Martin did the B&O M-27 versions with the Tatum roof also with a very
thick casting for the roof. When I build mine I intend to scratch build
the roof per the article in Railroad Model Craftsman by Bob Chapman
using a Red Caboose ARA roof casting as the starting point. It seems
that the model will be top heavy and not track well using the thick roof
casting. I would be interested in learning from those that have
assembled these two kits if they had any problems actually operating
these models.

Bob Witt


Re: B&O M-27 Tracking

Paul <buygone@...>
 

Bob:



I have completed both Sunshine 58.1 and 58.6. I have no problem running
them, all of my car get equipped with re-box 88 wheels.



Paul C. Koehler



_____

From: STMFC@... [mailto:STMFC@...] On Behalf Of
rwitt_2000
Sent: Wednesday, June 11, 2008 7:27 AM
To: STMFC@...
Subject: [STMFC] Re: Taking Apart a Sunshine Model



John Golden wrote:

" The problem is that this SAL round-roof box car has a huge, thick roof
casting and the body did not assemble properly."

Martin did the B&O M-27 versions with the Tatum roof also with a very
thick casting for the roof. When I build mine I intend to scratch build
the roof per the article in Railroad Model Craftsman by Bob Chapman
using a Red Caboose ARA roof casting as the starting point. It seems
that the model will be top heavy and not track well using the thick roof
casting. I would be interested in learning from those that have
assembled these two kits if they had any problems actually operating
these models.

Bob Witt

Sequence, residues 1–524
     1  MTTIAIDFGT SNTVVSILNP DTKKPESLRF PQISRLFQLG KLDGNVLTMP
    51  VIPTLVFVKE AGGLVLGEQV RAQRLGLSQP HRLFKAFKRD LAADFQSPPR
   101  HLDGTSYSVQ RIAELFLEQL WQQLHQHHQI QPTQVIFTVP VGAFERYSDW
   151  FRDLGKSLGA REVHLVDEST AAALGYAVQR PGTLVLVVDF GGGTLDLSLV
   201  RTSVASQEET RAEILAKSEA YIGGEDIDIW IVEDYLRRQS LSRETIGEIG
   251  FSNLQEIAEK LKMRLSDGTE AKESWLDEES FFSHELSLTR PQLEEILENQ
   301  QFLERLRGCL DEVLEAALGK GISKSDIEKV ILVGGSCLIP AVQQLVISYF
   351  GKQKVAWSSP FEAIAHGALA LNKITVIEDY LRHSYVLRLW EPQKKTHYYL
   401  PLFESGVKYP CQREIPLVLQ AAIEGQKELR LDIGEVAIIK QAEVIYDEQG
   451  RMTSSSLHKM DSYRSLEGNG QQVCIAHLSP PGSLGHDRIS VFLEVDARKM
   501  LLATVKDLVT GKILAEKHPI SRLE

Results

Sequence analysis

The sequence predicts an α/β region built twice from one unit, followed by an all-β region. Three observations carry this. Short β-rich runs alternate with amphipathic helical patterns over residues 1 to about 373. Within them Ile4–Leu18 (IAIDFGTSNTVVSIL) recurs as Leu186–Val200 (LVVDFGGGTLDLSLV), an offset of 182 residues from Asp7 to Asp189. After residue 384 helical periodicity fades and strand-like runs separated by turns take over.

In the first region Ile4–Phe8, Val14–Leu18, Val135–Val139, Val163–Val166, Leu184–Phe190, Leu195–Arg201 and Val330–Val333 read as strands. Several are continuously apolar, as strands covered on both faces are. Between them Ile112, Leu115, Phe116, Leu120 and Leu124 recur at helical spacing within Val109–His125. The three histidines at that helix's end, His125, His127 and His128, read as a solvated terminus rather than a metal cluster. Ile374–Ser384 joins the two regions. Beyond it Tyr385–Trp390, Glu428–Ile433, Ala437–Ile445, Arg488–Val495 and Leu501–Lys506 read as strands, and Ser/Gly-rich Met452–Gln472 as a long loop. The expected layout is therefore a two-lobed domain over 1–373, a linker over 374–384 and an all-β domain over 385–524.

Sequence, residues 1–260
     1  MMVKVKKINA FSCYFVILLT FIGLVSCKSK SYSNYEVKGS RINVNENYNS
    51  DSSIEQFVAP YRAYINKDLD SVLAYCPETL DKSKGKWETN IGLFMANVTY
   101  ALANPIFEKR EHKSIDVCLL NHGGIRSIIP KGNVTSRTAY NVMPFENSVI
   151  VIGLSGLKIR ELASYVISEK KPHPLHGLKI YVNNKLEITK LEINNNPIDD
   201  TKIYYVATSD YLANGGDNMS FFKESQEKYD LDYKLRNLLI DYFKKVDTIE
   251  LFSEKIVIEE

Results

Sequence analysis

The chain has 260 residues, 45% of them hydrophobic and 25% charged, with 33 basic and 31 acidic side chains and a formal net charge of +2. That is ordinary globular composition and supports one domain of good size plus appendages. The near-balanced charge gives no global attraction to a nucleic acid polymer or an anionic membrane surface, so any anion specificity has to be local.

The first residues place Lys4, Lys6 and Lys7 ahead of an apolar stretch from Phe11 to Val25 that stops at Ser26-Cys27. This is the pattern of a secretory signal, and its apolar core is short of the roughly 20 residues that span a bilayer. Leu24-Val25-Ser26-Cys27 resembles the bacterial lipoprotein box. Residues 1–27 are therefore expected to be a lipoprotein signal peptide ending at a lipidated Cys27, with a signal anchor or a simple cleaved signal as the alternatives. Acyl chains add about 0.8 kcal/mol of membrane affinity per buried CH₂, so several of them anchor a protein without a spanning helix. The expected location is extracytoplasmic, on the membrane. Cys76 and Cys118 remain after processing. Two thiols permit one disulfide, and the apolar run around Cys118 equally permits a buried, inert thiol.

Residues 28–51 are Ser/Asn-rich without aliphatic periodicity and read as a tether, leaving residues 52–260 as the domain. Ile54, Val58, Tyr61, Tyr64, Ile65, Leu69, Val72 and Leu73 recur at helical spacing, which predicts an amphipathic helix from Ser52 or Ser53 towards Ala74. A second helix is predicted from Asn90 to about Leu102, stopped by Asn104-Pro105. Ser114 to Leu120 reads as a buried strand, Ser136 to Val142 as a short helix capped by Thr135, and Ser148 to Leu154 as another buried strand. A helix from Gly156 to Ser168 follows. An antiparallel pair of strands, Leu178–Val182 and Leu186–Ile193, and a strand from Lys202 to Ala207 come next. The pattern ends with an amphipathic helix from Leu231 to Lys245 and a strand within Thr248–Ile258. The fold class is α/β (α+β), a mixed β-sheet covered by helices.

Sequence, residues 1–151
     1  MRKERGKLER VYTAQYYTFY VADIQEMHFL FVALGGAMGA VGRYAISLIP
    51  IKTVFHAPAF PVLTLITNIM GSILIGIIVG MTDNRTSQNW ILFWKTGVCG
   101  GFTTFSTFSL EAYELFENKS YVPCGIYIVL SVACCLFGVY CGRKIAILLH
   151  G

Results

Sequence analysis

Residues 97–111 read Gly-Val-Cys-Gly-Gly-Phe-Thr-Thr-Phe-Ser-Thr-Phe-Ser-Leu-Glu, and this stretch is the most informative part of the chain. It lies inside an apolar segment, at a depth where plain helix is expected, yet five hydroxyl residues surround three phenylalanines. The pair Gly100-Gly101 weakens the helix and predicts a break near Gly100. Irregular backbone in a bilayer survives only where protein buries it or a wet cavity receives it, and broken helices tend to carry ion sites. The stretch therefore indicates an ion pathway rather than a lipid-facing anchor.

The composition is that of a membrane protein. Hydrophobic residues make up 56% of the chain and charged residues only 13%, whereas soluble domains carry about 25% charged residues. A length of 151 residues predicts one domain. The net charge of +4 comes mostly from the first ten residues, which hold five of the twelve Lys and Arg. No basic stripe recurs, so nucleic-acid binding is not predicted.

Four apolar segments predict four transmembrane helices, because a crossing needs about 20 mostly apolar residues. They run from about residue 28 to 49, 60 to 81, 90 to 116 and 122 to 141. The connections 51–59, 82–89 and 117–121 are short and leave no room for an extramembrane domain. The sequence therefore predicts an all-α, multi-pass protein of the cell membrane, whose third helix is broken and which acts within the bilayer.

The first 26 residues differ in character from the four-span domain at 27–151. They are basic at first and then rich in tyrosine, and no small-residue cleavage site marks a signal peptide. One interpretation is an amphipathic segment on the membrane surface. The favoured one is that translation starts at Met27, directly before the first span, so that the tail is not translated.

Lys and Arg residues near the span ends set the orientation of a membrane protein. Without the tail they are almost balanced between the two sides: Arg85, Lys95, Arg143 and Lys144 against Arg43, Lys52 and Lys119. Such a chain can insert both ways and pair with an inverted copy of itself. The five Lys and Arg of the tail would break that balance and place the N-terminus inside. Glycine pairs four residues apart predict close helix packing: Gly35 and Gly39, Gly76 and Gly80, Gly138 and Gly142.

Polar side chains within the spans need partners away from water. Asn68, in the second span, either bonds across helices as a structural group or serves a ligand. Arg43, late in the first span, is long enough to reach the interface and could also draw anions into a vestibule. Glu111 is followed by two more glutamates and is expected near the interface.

Re: Taking Apart a Sunshine Model

rwitt_2000 <rmwitt@...>
 

John Golden wrote:

" The problem is that this SAL round-roof box car has a huge, thick roof
casting and the body did not assemble properly."

Martin did the B&O M-27 versions with the Tatum roof also with a very
thick casting for the roof. When I build mine I intend to scratch build
the roof per the article in Railroad Model Craftsman by Bob Chapman
using a Red Caboose ARA roof casting as the starting point. It seems
that the model will be top heavy and not track well using the thick roof
casting. I would be interested in learning from those that have
assembled these two kits if they had any problems actually operating
these models.

Bob Witt


Re: Micro Mark Deluxe Decal Finishing System

Tim O'Connor
 

The uScale softening solutions are quite mild. I use Champ solution
or Walthers Solvaset to soften stubborn decals.

I routinely use the Microscale liquid decal stuff (I forget the name) to
either hold old decals together, or to transform tiny lettering from dry
transfers into decals, after first transferring them to decal paper. Just
brush it on and let it dry.

-------------- Original message ----------------------
From: Spen Kellogg <spenkell@...>
Does anyone have any experience with Micro Marks decal setting and
restoring products. I am particularly interested in the decal film
restoring solution as I have some old decals that are no longer made.
I've tried to store them well, but I don't trust myself.

Thanks and regards, Spen Kellogg


Re: Micro Mark Deluxe Decal Finishing System

Marcelo Lordeiro <mrcustom@...>
 

I don't know about the Micro Mark stuff but the Microscale products I use are excellents.

Marcelo Lordeiro

----- Original Message -----
From: Spen Kellogg
To: STMFC@...
Sent: Wednesday, June 11, 2008 10:17 AM
Subject: [STMFC] Micro Mark Deluxe Decal Finishing System


Does anyone have any experience with Micro Marks decal setting and
restoring products. I am particularly interested in the decal film
restoring solution as I have some old decals that are no longer made.
I've tried to store them well, but I don't trust myself.

Thanks and regards, Spen Kellogg





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Micro Mark Deluxe Decal Finishing System

Spen Kellogg <spenkell@...>
 

Does anyone have any experience with Micro Marks decal setting and restoring products. I am particularly interested in the decal film restoring solution as I have some old decals that are no longer made. I've tried to store them well, but I don't trust myself.